175TH CELEBRATION EVENT
Queen’s University Belfast is marking the historic occasion of our 175th anniversary by conferring honorary degrees on four outstanding individuals - world leaders in healthcare, medical science, engineering and the humanities.
We are delighted to welcome into our University community, the Presidents of the British Academy, the Royal Irish Academy, the Royal Society of Edinburgh and the Academy of Medical Sciences.
The Learned Societies which they lead play a hugely important role in contemporary life. In their leadership of these institutions and in their academic mission they represent the values that Queen’s has stood for since the very beginning.
President of the Royal Society of Edinburgh
Professor Dame Anne Glover is a distinguished microbiologist. After graduating from the University of Edinburgh, she went on to undertake her PhD at the University of Cambridge.
On secondment from the university, she was appointed the first Chief Scientific Advisor for Scotland, a position she held for five years, and she later became Chief Scientific Advisor to the European Union between 2012 and 2014.
Professor Glover was awarded a DBE in 2009. She has been a Fellow of the Royal Society of Edinburgh since 2005 and was elected a Fellow of the Royal Society in 2016.
She has said that her interest in science was inspired by watching Star Trek as a child. It seemed unbelievable, she says, that you could just spend your whole life imagining the impossible, then making it real – and that’s what scientists do.
She is also an outstanding role model for the encouragement of women in science, something which we support very strongly here at Queen’s through the Athena SWAN initiative.
Immediate past President of the Royal Irish Academy
Professor Kennedy is a world expert in wireless communications and he was the 56th President of the Royal Irish Academy.
From 2000 to 2017 he held senior positions at University College Cork, including those of Dean of Engineering and Vice-President for Research Policy and Support. He is now head of the School of Electrical and Electronic Engineering at University College Dublin.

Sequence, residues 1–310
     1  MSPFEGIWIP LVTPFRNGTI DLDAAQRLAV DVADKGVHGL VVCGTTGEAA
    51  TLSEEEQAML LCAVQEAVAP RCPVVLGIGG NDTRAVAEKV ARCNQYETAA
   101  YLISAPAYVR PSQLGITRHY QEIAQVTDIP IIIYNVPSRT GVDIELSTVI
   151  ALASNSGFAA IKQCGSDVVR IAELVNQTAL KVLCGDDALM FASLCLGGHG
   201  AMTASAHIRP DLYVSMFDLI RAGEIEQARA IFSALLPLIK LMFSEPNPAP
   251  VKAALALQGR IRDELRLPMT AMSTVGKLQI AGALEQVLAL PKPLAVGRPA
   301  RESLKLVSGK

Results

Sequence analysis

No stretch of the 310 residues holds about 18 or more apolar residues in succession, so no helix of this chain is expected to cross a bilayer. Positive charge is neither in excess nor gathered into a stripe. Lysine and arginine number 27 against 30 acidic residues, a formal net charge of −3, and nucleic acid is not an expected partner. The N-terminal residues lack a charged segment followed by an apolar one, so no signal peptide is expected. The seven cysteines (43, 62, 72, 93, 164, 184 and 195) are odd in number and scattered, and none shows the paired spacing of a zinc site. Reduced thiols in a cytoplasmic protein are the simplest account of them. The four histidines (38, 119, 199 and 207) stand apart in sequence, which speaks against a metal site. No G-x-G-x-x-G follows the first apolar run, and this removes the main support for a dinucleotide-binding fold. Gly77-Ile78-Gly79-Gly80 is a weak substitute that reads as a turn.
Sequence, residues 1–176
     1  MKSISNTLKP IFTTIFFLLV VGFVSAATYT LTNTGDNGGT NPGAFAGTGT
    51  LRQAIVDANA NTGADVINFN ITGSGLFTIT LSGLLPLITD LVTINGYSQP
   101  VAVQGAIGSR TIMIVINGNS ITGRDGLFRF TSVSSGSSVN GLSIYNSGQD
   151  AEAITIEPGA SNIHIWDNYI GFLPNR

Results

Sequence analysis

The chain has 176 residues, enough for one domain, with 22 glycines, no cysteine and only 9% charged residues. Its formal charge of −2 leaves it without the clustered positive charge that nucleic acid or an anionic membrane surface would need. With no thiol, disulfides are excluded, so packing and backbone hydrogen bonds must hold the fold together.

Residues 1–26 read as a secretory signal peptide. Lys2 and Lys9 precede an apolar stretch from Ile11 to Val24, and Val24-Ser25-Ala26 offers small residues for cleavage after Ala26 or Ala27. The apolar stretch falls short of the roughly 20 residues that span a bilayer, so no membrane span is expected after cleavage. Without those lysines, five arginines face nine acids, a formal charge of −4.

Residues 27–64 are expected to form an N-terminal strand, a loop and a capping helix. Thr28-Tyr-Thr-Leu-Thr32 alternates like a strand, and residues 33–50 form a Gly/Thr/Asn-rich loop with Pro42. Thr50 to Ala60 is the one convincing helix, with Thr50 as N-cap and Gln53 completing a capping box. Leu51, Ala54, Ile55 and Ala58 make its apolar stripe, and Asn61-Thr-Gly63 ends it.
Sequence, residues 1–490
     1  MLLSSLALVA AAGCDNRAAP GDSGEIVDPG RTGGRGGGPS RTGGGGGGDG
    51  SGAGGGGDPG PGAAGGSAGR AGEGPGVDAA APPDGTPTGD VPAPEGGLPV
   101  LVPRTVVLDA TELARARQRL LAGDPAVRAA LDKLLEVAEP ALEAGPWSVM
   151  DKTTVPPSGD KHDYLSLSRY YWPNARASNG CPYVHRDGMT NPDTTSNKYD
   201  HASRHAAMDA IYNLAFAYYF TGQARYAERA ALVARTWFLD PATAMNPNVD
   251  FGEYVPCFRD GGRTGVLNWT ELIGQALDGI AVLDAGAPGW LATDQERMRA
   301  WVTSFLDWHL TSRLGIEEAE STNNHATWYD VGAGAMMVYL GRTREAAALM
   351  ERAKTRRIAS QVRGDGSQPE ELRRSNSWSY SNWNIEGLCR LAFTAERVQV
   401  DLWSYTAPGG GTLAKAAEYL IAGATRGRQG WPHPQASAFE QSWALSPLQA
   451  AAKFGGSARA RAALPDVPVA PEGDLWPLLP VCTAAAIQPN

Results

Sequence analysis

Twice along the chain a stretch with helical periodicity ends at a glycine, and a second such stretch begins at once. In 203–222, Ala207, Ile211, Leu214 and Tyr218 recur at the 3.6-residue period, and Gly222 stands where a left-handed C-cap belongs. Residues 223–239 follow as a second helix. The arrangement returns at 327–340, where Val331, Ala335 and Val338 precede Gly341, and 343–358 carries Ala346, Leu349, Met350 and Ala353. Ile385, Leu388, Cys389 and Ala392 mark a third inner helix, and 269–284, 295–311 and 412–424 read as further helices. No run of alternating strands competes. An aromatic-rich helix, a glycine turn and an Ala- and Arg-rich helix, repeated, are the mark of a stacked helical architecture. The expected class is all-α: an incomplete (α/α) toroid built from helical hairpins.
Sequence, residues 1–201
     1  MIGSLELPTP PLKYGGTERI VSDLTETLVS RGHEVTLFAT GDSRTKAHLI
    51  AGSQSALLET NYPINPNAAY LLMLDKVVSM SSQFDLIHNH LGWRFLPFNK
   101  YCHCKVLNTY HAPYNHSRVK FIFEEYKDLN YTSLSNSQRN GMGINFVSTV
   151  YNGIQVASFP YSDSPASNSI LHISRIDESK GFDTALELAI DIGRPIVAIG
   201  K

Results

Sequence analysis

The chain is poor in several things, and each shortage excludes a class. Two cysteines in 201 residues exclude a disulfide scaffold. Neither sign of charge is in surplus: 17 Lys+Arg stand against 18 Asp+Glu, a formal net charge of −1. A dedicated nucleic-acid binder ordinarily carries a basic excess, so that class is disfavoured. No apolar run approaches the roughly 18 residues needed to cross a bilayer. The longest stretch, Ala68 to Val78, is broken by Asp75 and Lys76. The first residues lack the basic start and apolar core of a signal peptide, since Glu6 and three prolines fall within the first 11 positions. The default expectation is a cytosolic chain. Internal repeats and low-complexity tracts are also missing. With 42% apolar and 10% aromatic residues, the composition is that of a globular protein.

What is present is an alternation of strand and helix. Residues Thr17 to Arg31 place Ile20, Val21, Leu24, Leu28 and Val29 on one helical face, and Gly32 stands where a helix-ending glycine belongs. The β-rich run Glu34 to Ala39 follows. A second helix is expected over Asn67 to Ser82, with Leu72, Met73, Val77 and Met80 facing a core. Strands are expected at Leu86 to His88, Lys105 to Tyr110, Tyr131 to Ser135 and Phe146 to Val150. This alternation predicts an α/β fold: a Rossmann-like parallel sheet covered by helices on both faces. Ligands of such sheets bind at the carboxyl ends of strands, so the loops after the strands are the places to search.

He has over 350 research publications, including four patents, and has played an influential role in Ireland becoming recognised as an international leader in the field of electronics and electronics design. He was elected to the Academy in 2004. He became Secretary for International Relations in 2012 and later his portfolio was expanded to include policy.
Speaking about the challenges of the global electronics industry, he has said, ‘It’s not good enough to be good enough. You have to be the best in the world at what you do.’
President of the Academy of Medical Sciences
The Academy of Medical Sciences is one of the youngest of the learned societies. Established in 1998, in a very short time it has become the leading voice of academic medicine, biomedical and health research in the UK. Professor Sir Robert Lechler has been its President since 2015.
He qualified in medicine at the University of Manchester in 1975. He then spent four years as a junior doctor training in general medicine and nephrology before embarking on a PhD in transplantation immunology at the Royal Postgraduate Medical School.
His research interests revolve around transplantation tolerance – how to persuade the immune system to tolerate the foreign organ while retaining full capacity to fight off infections and cancer.
In 2004 he was appointed Vice-Principal (Health) at King’s College London. He recently stood down as the founding Executive Director of King’s Health Partners, one of the largest centres for healthcare education in Europe, which was set up in 2009 and involves seven major London hospitals.
President of the British Academy
Professor Sir David Cannadine is a globally-acclaimed scholar and one of the most eminent historians of his generation. He was educated at Clare College Cambridge, where he took a double first in history, at St. John’s College Oxford where he completed his DPhil and at Princeton University where he was a Jane Eliza Procter Visiting Fellow.
He has held major posts at Cambridge and at Columbia University in New York and he is currently Dodge Professor of History at Princeton.
He has been a member of the British Academy since 1999 and President since 2017.
In interviews, he has reflected on the Academy’s role in today’s complex and conflicted world. He says – If we are to have wise and well-informed policies or wise and well-informed public understanding of the issues, then the humanities and the social sciences have a vital part to play.
Congratulations to our new Honorary Graduates
Queen’s is proud of its connections with the Learned Societies
Our community of academics includes:
- Six Fellows of the British Academy
- Two Fellows of the Academy of Medical Sciences
- Four Fellows of the Royal Academy of Engineering
- Thirty Members of the Royal Irish Academy
- One Fellow of the Royal Society
- Five Fellows of the Royal Society of Edinburgh